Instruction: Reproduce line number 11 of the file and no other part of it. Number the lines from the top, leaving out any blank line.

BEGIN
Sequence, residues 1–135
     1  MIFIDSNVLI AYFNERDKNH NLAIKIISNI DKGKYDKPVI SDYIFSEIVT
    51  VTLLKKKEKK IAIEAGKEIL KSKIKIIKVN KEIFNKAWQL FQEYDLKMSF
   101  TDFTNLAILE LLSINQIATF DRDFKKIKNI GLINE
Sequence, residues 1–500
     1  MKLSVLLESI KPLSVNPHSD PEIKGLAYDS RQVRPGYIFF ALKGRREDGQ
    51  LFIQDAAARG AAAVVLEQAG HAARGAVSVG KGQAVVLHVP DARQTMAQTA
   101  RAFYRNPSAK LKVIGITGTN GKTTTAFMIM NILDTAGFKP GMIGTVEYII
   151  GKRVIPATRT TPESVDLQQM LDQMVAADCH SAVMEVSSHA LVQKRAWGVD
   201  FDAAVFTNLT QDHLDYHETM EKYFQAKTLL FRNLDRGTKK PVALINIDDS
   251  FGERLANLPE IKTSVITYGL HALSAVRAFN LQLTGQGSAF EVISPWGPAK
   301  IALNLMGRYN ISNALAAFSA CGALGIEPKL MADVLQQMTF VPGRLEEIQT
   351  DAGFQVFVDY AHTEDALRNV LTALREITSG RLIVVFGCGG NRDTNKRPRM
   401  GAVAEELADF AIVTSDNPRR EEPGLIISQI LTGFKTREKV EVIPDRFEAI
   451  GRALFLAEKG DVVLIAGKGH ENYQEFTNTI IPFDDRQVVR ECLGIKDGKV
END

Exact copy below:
   251  FGERLANLPE IKTSVITYGL HALSAVRAFN LQLTGQGSAF EVISPWGPAK